Despite Jesus saying his time wasn’t yet here, we can assume his mother Mary knew it had arrived. And after the miracle of the changing of the water into wine, his disciples knew it had too! They all believed!
Mary, the mother of Jesus: she had miraculously given birth to Jesus, had raised him, and now accompanies him as he sets off into his public ministry. She surely knew him.
John the Baptist: the cousin of Jesus. He had grown up alongside Jesus, presumably had spent time with him, and he too could claim to know him. He certainly did, when the confirmation came from God that Jesus was the Messiah!
The disciples: they had been drawn to Jesus by the things he said, the things he knew. They were getting to know him.
And what about Jesus himself? Presumably he knew who he was his whole life. We have just celebrated his miraculous birth. We have heard the story of a twelve year old Jesus teaching in the temple. We heard about God’s acknowledgement of him at his baptism in the Jordan as he prayed, and now we have heard of his first miracle.
Are we getting to know him?
God has provided us with lessons in all passages of the Bible if we but look for them. The story of what happened at Cana is not just about Jesus. It tells us something that applies to our lives too.
Although scant on the details, the passage is dealing with when Jesus reached the right time to begin his public ministry, for him to step past his previous achievements. After thirty years the preparations were complete. His direction was changing. The life of Jesus was about to intersect with the lives of all around him.
When I reflect on my life, I can see when direction changes were needed and made. I’m probably a slow learner and, for example, I admit that at thirty I wouldn’t have been much of a Principal – inexperienced, self-absorbed, and so on – but at forty I was ready. By then my preparations were pretty well advanced. In that instance my time was right. (I could also give you quite a few more examples of when my time was totally not right!)
Now, I am contemplating the other end of my life. I am thinking about my readiness, my preparations and ability to cope with stopping work and selling our business.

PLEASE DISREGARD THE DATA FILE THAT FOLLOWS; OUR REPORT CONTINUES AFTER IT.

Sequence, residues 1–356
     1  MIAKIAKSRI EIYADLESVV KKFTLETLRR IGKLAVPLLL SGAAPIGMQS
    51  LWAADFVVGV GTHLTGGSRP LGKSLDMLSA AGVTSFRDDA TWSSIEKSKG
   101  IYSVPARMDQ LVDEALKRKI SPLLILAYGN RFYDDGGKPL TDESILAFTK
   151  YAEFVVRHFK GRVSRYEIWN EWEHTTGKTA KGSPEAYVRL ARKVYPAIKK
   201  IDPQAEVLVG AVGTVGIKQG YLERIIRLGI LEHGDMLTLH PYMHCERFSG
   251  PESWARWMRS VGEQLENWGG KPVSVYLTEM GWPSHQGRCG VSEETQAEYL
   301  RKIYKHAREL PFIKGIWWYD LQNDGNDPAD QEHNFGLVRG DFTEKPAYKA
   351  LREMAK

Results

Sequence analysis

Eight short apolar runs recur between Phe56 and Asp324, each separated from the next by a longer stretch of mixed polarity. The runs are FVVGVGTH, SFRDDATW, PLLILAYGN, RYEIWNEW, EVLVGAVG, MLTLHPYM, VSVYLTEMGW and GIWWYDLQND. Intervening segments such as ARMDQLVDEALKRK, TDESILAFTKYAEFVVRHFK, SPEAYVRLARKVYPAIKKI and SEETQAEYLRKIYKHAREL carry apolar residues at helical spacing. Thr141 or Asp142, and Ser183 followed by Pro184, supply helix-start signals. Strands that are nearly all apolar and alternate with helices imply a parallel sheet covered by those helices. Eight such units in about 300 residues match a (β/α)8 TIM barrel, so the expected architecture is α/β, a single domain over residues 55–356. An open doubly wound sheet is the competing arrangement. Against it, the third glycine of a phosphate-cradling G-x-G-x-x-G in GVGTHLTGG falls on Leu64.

On our faith journey we learn that everything we do should bring God glory. We are not expected to do this on our own. We have been given the model of Jesus to follow. We have been equipped through the Holy Spirit. Spiritual gifts: wisdom, knowledge, faith, healing, miracles, prophesy, discernment, speaking in tongues, and interpreting tongues, as explained in the Corinthians reading today. Fruit of the Spirit: love, joy, peace, forbearance, kindness, goodness, faithfulness, gentleness and self-control, as explained in Galatians. We are encouraged to be discerning and active. Our ‘Collect’ today called us to use this [Cana] story to help us gain, and maintain, momentum to change, “so that we may, more and more, reveal [God’s] glory”.
As I wrap up, I’d like to remind us that when the time is right, great things happen. A down-home Tairua example of this is when our sister Pat spoke out at the conclusion of a service recently, quoting the exhortation from 2 Chronicles 7:14, “If my people who are called by my name will humble themselves, and pray and turn from their wicked ways, then I will hear from Heaven and will forgive their sin and heal their land.” Pat had discerned that this was a call from God that could be heard and attended to. It led to a week of daily prayer in this church, aimed at overcoming the grip of Covid on our nation.
And I reckon those prayers were answered. Our land has experienced healing, with significant drops in numbers of Covid infections and hospitalisations. The pandemic is not over, of course, and more prayer is required!
But it took real courage for Pat to speak out as she did. I am heartened that we responded to her request. I am heartened to hear her respond again to the Holy Spirit and petition us to pray again (this time for water tanks in Fiji). Bless you, Pat.
If everything we do brings God glory, it will be happening in the small and mundane, as much as it was at the Cana wedding. I still don’t know what exactly tipped Jesus from his claim that his “time was not yet” in one breath, to producing the finest vintage wine with his next. Perhaps we just need to focus on the preparations we need to make, minute by minute, every day, to help bring about those positive changes in our lives, those changes that bring glory to God.